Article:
Saturday, September 13, 2014

welcome to my humble chapeau

La Rochelle.  The very name evokes memories from an adolescent’s afternoon adventure readings.

The Three Musketeers.  Count Richelieu.  The great siege dike.  Regional Protestants fighting the centralized authority in Catholic Paris.  Nascent liberty struggling against authoritarianism.

The French wars of religious liberty during the 1600s in this part of western France show little signs of having ever occurred.  That is because when the Huguenots, whose faith was followed by 90% of the people of La Rochelle, fell to the forces of Louis XIII, they simply took up their possessions and headed to Protestant Switzerland, Germany, Scandinavia, England, and, most notably, the United States.  I am rumored to carry some of that blood in my veins.

Today, less than 2% of the population is Protestant.  An excellent lesson of opportunities lost when nations use religious tyranny as a filter to approve who gets to stay next door as your neighbor.  Paul Revere and the Roosevelts and Rockefellers may have made their names in France, rather than across the Atlantic.

If I had gone in search of Protestant La Rochelle yesterday, I would have come up empty handed.  Instead, we took a bus tour into the country.

First, let me get this out of the way.  Yes, it had all of the worst ingredients of a bad bus tour.  Too many people crammed onto the bus.  Too many people crammed into tiny rooms during the tour.  Too many people talking over the guide about their personal problems.  Too many people who had no interest in the history of the places we were visiting.  A guide who had to read her presentation from a folded piece of paper.

But I was not going to let all of that get in my way.  Here I was in western France with Ken, Patti, Marilyn, and John.  I was not going to let a group of surly Englishmen get in my way of enjoying the day.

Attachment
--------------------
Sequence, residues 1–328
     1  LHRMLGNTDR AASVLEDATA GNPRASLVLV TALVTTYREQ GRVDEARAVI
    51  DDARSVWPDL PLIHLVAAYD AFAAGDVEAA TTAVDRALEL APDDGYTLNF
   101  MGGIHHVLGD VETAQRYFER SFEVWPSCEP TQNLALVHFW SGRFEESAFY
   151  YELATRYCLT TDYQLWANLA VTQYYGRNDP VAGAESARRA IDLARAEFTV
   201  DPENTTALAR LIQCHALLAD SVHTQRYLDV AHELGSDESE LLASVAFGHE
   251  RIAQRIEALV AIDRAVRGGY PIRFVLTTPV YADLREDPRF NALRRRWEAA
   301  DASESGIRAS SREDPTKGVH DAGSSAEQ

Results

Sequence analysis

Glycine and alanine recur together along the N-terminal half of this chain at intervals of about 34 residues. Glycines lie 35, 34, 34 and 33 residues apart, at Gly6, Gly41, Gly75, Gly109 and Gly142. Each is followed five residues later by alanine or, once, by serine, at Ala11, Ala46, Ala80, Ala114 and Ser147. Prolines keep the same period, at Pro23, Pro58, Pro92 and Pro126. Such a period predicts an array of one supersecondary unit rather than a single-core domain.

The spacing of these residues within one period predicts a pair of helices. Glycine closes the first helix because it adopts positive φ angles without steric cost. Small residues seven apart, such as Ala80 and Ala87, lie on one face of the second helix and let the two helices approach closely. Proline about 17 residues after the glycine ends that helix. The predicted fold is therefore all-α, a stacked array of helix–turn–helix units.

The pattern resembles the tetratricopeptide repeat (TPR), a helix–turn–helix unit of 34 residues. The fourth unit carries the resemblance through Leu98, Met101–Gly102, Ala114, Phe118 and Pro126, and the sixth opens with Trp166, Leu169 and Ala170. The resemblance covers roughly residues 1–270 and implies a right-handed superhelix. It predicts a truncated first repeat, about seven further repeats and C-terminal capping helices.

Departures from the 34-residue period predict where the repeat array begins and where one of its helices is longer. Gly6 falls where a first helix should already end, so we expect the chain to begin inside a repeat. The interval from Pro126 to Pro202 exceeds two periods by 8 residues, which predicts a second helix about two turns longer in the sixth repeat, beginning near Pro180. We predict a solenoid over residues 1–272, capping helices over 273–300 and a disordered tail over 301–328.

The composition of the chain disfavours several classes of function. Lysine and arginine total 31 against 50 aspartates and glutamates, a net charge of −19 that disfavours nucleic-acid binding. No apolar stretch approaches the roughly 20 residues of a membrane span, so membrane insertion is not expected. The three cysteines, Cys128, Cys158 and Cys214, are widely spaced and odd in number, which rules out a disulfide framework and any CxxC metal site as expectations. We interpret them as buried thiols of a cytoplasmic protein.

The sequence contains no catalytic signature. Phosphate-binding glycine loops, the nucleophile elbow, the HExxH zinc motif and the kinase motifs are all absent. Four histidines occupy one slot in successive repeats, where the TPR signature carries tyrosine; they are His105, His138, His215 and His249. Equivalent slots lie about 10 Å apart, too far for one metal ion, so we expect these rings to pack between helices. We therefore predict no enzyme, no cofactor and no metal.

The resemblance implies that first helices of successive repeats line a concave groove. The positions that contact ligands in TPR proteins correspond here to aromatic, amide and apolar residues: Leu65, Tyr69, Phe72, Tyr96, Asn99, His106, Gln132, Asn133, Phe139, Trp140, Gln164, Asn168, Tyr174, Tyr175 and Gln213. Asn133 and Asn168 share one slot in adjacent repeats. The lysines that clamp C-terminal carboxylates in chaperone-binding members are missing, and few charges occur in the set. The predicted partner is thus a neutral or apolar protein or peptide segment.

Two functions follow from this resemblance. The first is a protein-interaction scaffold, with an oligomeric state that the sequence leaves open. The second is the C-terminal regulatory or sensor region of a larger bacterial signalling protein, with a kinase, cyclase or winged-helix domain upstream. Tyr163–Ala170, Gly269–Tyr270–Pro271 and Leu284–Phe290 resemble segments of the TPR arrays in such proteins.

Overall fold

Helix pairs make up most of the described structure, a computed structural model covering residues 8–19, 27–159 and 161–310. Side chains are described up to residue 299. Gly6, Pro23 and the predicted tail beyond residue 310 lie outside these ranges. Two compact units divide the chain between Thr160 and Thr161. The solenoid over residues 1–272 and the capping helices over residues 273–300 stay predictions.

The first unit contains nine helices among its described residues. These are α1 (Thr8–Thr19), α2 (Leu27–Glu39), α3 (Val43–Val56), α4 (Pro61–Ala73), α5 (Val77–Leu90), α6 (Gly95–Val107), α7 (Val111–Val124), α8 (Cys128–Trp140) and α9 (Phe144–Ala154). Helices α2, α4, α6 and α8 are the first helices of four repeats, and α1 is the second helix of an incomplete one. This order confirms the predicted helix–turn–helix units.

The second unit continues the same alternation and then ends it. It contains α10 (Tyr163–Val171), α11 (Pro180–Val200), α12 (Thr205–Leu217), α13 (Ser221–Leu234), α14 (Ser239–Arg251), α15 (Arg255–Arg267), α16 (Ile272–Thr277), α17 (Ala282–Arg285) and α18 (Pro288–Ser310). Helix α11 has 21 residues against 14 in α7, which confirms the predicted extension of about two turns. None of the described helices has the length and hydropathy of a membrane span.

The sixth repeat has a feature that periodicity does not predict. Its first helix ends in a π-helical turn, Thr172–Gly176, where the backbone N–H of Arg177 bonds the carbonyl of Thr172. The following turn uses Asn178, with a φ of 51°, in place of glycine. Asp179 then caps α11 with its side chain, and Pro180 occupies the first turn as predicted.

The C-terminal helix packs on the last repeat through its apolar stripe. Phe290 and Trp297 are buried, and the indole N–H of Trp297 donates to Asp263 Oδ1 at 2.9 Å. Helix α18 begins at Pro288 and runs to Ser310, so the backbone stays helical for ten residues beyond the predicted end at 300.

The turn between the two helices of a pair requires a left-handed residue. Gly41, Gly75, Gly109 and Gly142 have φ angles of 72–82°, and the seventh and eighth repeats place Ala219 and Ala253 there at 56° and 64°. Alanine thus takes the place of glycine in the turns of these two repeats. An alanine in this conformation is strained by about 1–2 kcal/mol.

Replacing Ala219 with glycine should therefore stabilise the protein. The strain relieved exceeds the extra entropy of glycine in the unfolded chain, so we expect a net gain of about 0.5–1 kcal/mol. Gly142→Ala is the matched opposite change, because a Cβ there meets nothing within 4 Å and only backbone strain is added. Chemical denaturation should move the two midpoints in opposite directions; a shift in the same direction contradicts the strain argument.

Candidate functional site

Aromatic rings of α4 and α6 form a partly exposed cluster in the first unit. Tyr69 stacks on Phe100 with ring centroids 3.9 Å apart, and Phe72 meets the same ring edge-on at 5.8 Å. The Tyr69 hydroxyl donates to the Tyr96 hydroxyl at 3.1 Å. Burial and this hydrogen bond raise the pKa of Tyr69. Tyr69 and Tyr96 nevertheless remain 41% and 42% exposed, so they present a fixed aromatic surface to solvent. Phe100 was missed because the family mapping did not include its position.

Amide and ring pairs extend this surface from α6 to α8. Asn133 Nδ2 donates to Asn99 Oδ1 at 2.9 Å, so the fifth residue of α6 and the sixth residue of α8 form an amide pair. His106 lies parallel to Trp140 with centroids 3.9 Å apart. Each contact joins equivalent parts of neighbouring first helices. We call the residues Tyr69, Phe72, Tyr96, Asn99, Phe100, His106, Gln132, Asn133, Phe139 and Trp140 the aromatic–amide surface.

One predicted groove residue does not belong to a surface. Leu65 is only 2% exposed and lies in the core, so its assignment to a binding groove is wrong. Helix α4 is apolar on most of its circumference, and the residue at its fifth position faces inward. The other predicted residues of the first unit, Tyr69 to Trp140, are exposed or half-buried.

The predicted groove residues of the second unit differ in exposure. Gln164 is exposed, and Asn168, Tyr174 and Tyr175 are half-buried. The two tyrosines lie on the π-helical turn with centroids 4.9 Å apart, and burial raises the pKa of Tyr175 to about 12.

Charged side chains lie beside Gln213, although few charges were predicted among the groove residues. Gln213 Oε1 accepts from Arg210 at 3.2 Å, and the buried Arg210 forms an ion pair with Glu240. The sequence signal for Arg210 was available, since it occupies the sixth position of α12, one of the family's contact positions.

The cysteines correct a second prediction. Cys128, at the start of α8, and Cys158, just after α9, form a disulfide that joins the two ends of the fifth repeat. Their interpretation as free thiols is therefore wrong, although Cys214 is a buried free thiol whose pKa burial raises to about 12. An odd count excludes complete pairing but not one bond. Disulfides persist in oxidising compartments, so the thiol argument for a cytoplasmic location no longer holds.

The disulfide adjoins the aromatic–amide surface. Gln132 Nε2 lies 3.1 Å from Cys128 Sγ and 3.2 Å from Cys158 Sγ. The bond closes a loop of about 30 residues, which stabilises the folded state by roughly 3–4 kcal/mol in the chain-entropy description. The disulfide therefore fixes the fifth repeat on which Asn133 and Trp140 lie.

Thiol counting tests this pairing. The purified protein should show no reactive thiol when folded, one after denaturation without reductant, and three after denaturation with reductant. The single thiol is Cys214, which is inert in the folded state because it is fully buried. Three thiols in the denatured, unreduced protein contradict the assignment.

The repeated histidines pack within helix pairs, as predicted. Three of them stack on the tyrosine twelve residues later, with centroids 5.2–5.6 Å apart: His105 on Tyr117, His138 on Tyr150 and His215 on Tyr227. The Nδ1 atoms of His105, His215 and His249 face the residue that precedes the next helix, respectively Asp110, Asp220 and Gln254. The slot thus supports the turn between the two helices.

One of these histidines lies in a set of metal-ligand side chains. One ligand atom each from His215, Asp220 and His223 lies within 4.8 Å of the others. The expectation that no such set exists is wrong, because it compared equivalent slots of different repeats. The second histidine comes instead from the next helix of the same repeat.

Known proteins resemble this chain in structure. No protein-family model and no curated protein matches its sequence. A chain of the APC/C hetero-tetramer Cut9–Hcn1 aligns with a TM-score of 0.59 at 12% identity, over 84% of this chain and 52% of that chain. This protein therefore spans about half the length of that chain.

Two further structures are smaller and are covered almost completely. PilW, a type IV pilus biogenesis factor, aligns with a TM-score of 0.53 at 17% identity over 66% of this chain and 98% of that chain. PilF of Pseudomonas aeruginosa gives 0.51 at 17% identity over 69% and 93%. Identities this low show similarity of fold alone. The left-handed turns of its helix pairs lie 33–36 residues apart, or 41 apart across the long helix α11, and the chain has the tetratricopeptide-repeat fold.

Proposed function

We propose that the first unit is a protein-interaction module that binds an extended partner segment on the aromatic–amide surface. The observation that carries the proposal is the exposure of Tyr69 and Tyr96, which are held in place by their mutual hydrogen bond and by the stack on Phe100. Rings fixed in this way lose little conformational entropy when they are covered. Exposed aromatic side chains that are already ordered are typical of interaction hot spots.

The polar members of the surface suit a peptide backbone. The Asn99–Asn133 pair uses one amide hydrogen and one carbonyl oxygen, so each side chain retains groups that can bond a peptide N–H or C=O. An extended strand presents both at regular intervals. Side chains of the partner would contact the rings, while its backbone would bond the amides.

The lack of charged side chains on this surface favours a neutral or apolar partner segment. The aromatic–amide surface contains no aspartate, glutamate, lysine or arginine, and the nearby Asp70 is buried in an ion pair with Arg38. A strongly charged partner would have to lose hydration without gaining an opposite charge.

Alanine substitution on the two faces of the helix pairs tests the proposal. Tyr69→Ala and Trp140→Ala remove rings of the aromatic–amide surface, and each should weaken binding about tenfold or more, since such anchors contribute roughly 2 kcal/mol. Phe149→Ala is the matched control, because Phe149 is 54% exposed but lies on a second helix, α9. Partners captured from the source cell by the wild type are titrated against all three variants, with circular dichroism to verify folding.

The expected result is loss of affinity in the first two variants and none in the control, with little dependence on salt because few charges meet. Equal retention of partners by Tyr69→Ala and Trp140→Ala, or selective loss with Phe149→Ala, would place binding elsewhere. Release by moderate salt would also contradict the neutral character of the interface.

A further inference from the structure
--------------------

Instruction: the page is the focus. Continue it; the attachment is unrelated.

Enjoyable it was.  Sunny.  Relatively cool.  A nice refreshing breeze.  And historical buildings to amuse us.  What could be better?

We started with a tour through the Castle of La Roche Corbone.  “Castle” must be a rather elastic term.  If you were looking for Ivanhoe, you would be in the wrong place.  I would have called it a fortified chateau.  At least, that seemed more accurate to me.

Like many ancient homes in England, this chateau was abandoned and then restored by an eccentric 19th century business baron.  It is still a home -- financed with the generous donations of tourists.

The interior, which was a camera-free zone, was rather ordinary.  But it gave a good idea what each of the rooms looked like, and how they functioned, during the various centuries the chateau was in operation.

What makes the place, though, is its garden.  Not surprisingly, set out in the formal French style with a prominent water feature.  Almost a pocket version of Versailles.  My suburban side kept nagging me that this would be quite a weekend project to keep in shape.

Tomorrow I will tell you about La Rochelle.  But I need to give you some background to discuss our next stop.

La Rochelle was a medieval city that had long protected this area of France from the English.  The royal government felt uncomfortable having the regional arsenal in La Rochelle because of the town's growing Protestant sympathies.  Instead, Louis XIII and his boys built a new town quite close to La Rochelle.  But free of its liberty sympathies.

The town was Rochefort.  A bit of it is still there.  With its almost germanic gridded streets.

Almost all of western France was severely damaged from Allied bombing in the Second World War.  Rochefort was no exception.  A 300 meter-long building designed for manufacturing 300 meter strands of rope has been restored.  This was, after all, a town designed to supply the military strength for the 17th century monarchy.

I know I should have been wandering through Alexander Dumas’s mind while walking these streets.  Instead, my head was filled with the images of the superb The Three Musketeers and The Four Musketeers movies from the 1970s.  The best versions I have seen of the Dumas classics.  I doubt there has been a better Count Richelieu than Charlton Heston.

Perhaps my favorite part of the tour was our guide's repeated reminders that the English were the traditional enemies of the French.  She had a subtle gallic way of twising the knife with each reference.  Rather brave for a woman relying on the kindness of tourists for her tips.  Or maybe her experience has been that certain nationalities simply do not tip -- no matter the barbs thrown their way.

Yesterday was a good reminder to me that France provided the United States with a wealth of talent due to its expulsion policy in the seventeenth century.  And it then went on to become the first (and longest) ally of the new nation.

Where could I have better reminded myself of that than on the streets where the three musketeers once carried out that bit of religious cleansing?  All for the better of my country.

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